The Muria nuclear plant, if it can surmount local protest, is projected to produce 4000 Mwe (4 GWe). To make 4000 MWe from renewable energy Indonesia would need 1,200 successful Power Purchase Agreements (PPAs) or Equipment Procurement and Construction (EPC) contracts, covering mini-hydro, biomass, wind, solar and geothermal technologies, with half successfully financed and 60 projects finished a year.

At the moment neither government nor industry could do anything like this. Such targets are impossible with present regulatory frameworks, public administration and public and private sector capacities.

The second proposed 10,000 MWe fast-track electricity program to try and cope with the black-outs and electricity crises in Jakarta and the provinces is based 42 percent on developing geothermal energy. But no one has ever made a geothermal power plant the way they propose, via exploration and development agreements with local governments, which cannot yet offer investors recourse on exploration, commercial and political risks without guarantees which do not yet exist, assuming they had expertise and capacities they do not yet have.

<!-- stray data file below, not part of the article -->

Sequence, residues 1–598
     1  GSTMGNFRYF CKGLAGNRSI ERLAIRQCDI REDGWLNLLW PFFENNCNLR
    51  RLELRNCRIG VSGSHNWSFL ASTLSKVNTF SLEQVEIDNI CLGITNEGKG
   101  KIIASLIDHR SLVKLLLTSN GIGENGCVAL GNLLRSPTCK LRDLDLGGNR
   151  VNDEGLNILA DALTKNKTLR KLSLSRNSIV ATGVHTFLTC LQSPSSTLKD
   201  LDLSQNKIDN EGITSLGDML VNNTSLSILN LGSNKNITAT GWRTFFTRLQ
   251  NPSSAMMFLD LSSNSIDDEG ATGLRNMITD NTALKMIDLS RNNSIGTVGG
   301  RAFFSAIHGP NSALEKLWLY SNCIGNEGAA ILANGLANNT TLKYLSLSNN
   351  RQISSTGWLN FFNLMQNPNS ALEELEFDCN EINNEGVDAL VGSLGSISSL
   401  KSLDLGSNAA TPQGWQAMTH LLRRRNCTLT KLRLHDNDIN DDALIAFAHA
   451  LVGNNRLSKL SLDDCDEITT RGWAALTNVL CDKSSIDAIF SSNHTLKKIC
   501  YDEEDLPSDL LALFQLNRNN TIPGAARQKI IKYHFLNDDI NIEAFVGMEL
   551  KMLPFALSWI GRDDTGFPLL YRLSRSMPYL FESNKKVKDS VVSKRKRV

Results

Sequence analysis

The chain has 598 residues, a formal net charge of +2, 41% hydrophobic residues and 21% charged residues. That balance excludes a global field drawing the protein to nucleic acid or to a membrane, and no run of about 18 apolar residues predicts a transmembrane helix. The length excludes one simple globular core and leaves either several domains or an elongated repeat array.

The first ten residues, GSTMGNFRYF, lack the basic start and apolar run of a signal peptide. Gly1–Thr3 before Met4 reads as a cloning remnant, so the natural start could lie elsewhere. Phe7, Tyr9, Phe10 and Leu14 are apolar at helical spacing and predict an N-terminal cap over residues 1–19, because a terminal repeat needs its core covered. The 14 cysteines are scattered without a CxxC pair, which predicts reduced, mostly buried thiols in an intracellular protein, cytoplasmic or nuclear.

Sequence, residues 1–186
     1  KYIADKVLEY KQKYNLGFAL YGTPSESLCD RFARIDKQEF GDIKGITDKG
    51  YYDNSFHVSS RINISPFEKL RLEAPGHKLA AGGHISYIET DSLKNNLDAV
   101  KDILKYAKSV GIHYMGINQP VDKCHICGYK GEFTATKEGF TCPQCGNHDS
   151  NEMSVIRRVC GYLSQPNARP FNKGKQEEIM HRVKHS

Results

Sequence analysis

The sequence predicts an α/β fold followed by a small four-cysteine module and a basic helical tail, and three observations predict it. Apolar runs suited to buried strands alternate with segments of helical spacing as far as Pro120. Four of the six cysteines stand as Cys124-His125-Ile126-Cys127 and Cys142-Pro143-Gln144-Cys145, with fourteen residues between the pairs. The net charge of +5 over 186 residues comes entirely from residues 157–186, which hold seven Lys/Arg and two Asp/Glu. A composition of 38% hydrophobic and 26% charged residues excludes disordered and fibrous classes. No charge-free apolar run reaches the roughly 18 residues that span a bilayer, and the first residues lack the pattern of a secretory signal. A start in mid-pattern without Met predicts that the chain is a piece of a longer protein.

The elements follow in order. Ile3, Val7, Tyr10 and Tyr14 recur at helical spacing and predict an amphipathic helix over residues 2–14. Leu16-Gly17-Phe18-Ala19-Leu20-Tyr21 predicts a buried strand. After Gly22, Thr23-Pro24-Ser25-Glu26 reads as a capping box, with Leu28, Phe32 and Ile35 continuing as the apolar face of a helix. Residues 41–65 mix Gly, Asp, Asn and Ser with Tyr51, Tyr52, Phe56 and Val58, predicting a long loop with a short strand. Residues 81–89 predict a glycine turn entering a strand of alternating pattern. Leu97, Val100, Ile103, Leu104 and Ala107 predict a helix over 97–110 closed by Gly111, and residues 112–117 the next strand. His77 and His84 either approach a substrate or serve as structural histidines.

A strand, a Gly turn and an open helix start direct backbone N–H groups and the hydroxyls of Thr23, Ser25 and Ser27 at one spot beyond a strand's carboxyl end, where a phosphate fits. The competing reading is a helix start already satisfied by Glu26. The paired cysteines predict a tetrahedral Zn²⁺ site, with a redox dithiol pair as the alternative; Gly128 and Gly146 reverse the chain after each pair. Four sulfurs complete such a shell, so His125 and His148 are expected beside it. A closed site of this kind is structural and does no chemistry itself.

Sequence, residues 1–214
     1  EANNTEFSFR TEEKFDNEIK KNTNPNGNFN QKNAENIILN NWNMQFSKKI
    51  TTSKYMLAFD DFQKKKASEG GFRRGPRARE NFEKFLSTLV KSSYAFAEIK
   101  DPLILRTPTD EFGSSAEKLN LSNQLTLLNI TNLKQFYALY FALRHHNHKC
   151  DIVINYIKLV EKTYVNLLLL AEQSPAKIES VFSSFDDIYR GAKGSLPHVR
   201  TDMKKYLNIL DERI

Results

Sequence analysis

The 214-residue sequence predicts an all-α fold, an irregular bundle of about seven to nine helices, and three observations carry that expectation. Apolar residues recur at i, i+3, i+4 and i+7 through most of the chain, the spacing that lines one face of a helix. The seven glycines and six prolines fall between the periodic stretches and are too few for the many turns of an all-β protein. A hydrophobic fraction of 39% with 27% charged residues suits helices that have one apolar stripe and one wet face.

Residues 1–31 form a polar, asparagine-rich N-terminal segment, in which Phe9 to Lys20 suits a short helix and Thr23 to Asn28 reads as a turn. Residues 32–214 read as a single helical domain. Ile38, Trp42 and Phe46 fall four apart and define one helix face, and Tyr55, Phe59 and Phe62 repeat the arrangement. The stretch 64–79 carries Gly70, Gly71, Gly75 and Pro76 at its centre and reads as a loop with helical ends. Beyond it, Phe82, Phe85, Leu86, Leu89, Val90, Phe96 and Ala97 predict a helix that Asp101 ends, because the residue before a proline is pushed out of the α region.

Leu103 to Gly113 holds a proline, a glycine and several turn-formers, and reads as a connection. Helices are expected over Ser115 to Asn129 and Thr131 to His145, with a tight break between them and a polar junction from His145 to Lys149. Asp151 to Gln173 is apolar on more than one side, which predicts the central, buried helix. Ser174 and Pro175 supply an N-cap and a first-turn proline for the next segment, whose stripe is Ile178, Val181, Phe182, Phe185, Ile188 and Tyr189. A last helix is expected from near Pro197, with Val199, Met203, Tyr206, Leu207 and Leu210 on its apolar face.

Indonesia already reportedly has more than 100 trained nuclear technologists and three working research reactors. Siemens Indonesia, a unit of the German engineering and technology company Siemens AG, is building condensers for the largest steam turbine for a nuclear power plant in the world, located in Finland.

But nuclear power cannot work in Indonesia without social and political modernization to provide the civic culture supports required to approve, regulate and sustain it. As General Charles de Gaulle discovered earlier on in France, nuclear power is a sure route to modernization. It forces a country to change.